In nearly all cases, network security solutions are less restrictive for internal communication. Hackers know this, too, and sometimes the victim is way too attractive of a target to risk paying them an in-person visit. Generally speaking, all firewalls block all communication originating outside of the protected network, so in order to perform a successful network attack (we are not considering any other attacks now for the purpose of simplicity), they somehow have to bypass the firewall. It might be the case that it would be easier to gain physical access to an area from where the attacker can connect to the protected network rather than trying to penetrate its premises. The attacker then turns towards Social Engineering techniques to find more information which they can use and then tries to enter the building hiding the protected network infrastructure. In most cases it is more than enough to get into a conference room, ideally alone, or sometimes even the cafeteria’s Wi-Fi is all it takes (if the network is in a really poor shape). Once the attacker connects to the network, they can establish a remote connection from within (with the help of the DNS tunneling for example) and leave it there and open, allowing undisturbed access inside the network without the risk of being revealed while inside, therefore lowering the risk they undertake by going there personally.

A Threat Disguised as a Help

These days many companies support the so-called BYOD policy (bring your own device) where the employees can bring their devices, be it a computer/ laptop or a phone, and connect it to the internal network. These devices often have lower security levels than the rest of the internal infrastructure, and while outside of the protected premises, can access pretty much anything the user wants, increasing the risk of infecting the device. It happens that users bring their already compromised device to work, unknowingly allowing it to spread. The malware is in while all the firewall noticed was that a new device is in the protected network and that it is quite “chatty” and tries to communicate with pretty much all of the other available devices.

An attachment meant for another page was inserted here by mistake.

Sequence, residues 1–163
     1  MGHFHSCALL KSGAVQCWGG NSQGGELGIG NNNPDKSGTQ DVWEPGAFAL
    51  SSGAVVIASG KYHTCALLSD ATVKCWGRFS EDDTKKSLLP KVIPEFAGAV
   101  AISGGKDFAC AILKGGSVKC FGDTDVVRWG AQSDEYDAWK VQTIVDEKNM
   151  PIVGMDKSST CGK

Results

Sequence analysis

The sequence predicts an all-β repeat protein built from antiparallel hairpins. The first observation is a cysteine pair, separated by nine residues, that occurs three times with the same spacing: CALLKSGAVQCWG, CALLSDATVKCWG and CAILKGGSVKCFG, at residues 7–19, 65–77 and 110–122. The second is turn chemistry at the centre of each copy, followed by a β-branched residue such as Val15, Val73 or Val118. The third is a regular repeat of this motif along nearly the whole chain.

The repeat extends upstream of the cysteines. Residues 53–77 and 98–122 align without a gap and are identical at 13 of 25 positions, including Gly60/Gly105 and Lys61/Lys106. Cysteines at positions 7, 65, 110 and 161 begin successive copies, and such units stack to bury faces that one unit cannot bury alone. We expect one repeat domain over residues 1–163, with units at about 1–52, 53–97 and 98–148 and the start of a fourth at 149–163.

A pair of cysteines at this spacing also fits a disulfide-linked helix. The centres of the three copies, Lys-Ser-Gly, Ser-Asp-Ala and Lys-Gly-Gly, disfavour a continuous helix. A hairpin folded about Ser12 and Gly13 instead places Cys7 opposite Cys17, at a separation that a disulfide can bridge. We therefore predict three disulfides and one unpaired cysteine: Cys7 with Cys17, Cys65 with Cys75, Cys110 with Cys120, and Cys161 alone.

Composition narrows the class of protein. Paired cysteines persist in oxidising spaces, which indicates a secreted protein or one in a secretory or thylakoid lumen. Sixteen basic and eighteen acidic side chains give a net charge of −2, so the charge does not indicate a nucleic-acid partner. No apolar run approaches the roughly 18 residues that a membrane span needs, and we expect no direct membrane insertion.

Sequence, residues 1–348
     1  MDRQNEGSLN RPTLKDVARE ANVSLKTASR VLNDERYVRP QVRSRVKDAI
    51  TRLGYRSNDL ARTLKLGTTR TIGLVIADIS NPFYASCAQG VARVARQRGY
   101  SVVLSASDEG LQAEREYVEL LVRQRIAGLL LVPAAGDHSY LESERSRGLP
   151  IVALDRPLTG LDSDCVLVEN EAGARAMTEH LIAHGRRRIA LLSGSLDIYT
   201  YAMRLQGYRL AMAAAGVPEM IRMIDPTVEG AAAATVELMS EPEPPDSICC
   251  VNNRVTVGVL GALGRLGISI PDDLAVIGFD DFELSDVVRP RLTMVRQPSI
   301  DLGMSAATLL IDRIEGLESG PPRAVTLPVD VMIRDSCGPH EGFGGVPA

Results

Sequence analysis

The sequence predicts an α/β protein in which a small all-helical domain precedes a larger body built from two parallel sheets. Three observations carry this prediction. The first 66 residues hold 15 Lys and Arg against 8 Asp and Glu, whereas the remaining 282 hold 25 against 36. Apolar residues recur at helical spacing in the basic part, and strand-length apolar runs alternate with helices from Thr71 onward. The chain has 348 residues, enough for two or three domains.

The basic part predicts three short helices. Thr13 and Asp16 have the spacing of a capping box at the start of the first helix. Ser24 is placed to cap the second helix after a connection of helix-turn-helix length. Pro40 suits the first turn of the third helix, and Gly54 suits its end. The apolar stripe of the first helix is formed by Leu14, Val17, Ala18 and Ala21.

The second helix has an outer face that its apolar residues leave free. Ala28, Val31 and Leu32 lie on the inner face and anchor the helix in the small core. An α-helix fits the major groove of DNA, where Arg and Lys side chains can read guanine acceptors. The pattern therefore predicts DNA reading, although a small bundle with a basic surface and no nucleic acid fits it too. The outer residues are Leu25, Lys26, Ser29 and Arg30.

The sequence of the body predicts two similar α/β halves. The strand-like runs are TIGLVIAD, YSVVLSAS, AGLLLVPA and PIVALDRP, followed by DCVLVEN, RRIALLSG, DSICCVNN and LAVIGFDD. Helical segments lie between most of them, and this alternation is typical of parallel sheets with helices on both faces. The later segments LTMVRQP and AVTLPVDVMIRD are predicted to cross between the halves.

Having a firewall which works as a gatekeeper is necessary, but as demonstrated in the above-mentioned scenarios, it is not enough to rely just on the firewall. It does not provide 100 % protection; it has gaps which need to be filled.

How To Fill the Gaps?

With enough time and effort, any network can fall victim to a successful hacking attack. Blocking everything will not cut it, since no one will be able to do anything requiring a network connection effectively. You need to know what happens in your network – visualizing the whole network communication is the key. Nearly all of the network communication is accompanied by DNS protocol which translates domains to IP addresses that are required for computers to know who to contact (think of a phonebook, where you know the name and the phone gives you the number – it is the same with DNS – you know the domain and the DNS resolver knows the IP address). With this approach, you effectively take care of all devices connected to the protected network, even BYOD devices, and block all the malicious communication, making your network secure and filling some of the gaps left by firewalls. With the full visibility down to a single IP address, you know about everything in your network the moment it happens. This allows you to detect and block attacks before they manage to cause any serious damage, saving your organization money, reputation, and your IT team’s sanity.

Firewalls lay the foundation of cybersecurity. Without them, nothing else is relevant, because anyone can just connect to your network and take what they want, but relying purely on them is irresponsible. To make sure that you are protecting all of your devices, even those that you do not have full control over (like BYOD, IoT, IIoT, etc.), you have to include a protective DNS resolver such as Whalebone Peacemaker in your network’s infrastructure.

Do you want to complete your security posture and fill the gaps left by traditional security tools?

Would you like to learn more about Peacemaker and firewall?